I learned everything I know from subtitles

My wife inexplicably added Dirty Dancing to our NetFlix queue. I inexplicably put it in the DVD player this morning (my copy of Die Hard 3 having mysteriously gone missing), and as is my habit while watching a movie during a run on the treadmill, I activated subtitles so as not to miss any of the deep and moving dialog.

You may not have noticed, but the writers of movie subtitles often exercise what I'll diplomatically refer to as artistic license when generating the text that accompanies the movie's audio track. The really good (or compulsive) subtitlers will even describe sound effects (craaaack!) or musical interludes (cello playing ominously). You'll occasionally see long monologues paraphrased, sometimes in ways that affirm one's suspicions that no aspect of modern industry is immune to outsourcing to workers for whom English is, at best, a second language.

And, sometimes, they just get it wrong, having apparently thrown up their figurative hands in dismay, as if they'd been asked to subtitle the original version of Louie, Louie. Such is the case with one scene in Dirty Dancing.

Remember when Baby and Johnny are doing the mambo exhibition while Johnny's regular partner visits the butcher with the coat hanger? Of course you do; don't play coy. Anyway, she's all, like, nervous and he's all, like, just follow my lead, and he's talking her through the next steps (like anyone ever does that), and at one point he says, very clearly, albeit sotto voce, "cross body lead."

Now, as we all know, the cross body lead is one of the more common moves in ballroom and Latin dancing, where the male turns away from the female and then pulls her past his body in one fluid (theoretically) motion so that she ends up on the opposite side of where she started. One can do cross body leads in everything from cowboy two step to rumba to foxtrot (although I've never seen anyone actually successfully execute the move while doing the gator). So, it's not like it's some exotic move that was specially created at Patrick Swayze's behest just for this movie.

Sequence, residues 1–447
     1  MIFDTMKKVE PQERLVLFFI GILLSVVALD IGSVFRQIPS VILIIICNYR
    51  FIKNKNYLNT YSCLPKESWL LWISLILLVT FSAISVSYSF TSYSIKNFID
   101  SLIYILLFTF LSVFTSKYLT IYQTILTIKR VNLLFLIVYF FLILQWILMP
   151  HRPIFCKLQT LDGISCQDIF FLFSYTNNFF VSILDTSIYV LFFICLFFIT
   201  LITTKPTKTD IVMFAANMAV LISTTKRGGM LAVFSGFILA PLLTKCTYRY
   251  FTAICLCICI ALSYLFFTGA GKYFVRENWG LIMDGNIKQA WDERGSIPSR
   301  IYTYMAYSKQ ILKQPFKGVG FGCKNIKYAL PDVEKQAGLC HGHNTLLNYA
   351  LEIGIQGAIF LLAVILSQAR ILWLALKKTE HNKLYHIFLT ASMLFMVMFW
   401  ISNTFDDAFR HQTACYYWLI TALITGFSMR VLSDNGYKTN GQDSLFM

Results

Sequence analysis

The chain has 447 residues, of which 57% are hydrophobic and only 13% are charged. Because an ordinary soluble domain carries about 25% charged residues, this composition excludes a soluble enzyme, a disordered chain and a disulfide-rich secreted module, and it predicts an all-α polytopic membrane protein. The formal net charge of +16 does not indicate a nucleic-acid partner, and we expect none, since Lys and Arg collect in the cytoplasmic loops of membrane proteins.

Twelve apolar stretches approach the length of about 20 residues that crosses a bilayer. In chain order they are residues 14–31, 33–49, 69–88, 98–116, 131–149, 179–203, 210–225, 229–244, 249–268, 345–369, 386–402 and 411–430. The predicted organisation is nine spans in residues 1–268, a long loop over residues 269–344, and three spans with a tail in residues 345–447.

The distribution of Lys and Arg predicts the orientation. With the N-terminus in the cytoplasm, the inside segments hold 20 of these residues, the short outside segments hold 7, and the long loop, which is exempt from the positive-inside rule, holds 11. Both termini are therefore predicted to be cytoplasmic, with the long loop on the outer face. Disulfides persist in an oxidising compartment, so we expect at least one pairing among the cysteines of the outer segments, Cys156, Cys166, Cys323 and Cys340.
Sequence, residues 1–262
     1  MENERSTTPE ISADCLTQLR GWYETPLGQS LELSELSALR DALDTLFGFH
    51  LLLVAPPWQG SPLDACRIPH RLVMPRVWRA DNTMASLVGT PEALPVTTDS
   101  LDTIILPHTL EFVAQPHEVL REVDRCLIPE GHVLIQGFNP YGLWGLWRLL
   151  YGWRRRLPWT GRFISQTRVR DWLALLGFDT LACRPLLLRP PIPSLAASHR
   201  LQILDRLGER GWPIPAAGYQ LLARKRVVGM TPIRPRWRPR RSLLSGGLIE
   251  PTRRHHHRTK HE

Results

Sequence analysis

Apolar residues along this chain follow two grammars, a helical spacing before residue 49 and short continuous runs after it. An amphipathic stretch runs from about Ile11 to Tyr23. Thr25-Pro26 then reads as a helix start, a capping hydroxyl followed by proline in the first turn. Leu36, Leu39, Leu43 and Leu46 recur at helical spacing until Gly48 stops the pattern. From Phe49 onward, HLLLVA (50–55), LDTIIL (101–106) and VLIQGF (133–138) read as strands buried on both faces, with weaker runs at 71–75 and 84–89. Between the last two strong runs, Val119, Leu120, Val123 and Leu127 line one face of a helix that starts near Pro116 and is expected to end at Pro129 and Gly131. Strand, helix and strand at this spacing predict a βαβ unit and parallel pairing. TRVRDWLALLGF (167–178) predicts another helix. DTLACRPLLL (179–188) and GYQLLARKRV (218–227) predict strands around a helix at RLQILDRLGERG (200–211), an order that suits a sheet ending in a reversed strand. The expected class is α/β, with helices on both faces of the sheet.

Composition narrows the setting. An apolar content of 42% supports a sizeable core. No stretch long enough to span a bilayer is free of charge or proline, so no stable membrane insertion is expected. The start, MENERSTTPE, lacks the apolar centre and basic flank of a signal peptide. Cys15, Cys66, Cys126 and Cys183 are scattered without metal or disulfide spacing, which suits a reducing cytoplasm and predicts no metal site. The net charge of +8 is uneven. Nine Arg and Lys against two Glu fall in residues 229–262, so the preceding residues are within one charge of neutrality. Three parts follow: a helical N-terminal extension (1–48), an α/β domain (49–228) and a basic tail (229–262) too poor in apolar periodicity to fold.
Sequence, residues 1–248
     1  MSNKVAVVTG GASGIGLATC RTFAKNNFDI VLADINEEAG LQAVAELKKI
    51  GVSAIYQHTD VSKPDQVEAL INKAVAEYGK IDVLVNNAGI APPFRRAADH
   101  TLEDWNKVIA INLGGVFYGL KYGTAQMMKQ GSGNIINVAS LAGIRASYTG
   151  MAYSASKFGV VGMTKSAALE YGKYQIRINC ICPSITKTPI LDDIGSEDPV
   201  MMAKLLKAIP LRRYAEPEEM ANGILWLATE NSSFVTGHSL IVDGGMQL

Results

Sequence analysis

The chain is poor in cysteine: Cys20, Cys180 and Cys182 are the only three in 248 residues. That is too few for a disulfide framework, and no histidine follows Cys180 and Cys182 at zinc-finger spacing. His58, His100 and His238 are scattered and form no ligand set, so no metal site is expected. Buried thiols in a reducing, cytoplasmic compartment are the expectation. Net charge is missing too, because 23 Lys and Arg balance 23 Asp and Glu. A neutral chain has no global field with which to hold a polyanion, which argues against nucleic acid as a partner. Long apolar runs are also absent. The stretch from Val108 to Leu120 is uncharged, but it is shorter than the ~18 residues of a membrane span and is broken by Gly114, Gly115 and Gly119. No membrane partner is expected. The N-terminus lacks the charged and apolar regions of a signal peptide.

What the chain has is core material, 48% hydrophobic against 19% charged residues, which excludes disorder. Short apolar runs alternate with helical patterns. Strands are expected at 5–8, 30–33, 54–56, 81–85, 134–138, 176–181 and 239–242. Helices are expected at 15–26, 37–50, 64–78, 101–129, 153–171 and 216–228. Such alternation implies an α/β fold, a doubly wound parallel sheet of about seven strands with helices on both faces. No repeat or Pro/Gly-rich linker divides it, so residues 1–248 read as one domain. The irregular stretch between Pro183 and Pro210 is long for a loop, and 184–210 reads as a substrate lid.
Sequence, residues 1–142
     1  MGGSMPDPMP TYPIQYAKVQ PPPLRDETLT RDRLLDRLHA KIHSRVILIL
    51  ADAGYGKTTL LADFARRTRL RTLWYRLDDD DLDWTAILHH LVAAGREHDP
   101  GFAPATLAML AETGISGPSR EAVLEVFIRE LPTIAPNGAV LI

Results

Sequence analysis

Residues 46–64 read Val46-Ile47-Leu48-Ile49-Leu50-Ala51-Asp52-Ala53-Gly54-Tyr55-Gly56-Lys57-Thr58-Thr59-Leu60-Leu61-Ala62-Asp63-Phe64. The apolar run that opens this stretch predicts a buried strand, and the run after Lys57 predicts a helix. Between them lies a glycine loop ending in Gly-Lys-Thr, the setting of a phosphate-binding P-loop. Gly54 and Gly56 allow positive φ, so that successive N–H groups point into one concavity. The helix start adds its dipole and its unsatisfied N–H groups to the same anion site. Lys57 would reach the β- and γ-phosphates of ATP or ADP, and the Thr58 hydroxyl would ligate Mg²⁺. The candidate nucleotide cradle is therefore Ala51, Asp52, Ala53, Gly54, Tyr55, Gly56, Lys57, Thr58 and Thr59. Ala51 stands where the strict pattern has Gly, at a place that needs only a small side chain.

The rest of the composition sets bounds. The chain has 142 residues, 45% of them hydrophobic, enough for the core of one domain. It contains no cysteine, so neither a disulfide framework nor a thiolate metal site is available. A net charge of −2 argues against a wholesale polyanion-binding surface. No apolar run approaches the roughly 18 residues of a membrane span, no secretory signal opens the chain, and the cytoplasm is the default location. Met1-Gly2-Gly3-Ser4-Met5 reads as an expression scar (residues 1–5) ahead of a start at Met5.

Anyway...well, I've lost my train of thought. Oh, wait; the subtitle. Yeah, when Johnny says cross body lead, the subtitle comes up as now spot a lead. Oh, my. Talk about a disaster of epic proportions.

I think (I hope) the message is clear: never rely on subtitles when trying to master subject material of a highly technical or life-and-death nature. Because it might just be that the next time you're trying to defuse a bomb before it blows up the nunnery, instead of playing through your head the proper snip the red wire, you'll hear strip and head higher, and not only will people die, but you'll probably be humiliated. 

4 Comments

I learned this lesson about captioning when I took a distance class in grad school. It was live, but I took it at a remote campus over CCTV and our prof had a seriously thick accent (can't remember the nationality.) We called in several times to get him to restate things and finally the captioner typed "Sorry guys, I don't have a clue, I'm just a captioner."

Most of us just marked down the dates for the tests and stopped coming to class at that point.

Well...true.

Appropos of nothing...I thought of you last night as I shoo'd a preying (praying?) mantis out of my house. Those I don't smush cause they eat the other bugs. Didn't take a picture though.

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This page contains a single entry by Eric published on September 8, 2009 2:59 PM.

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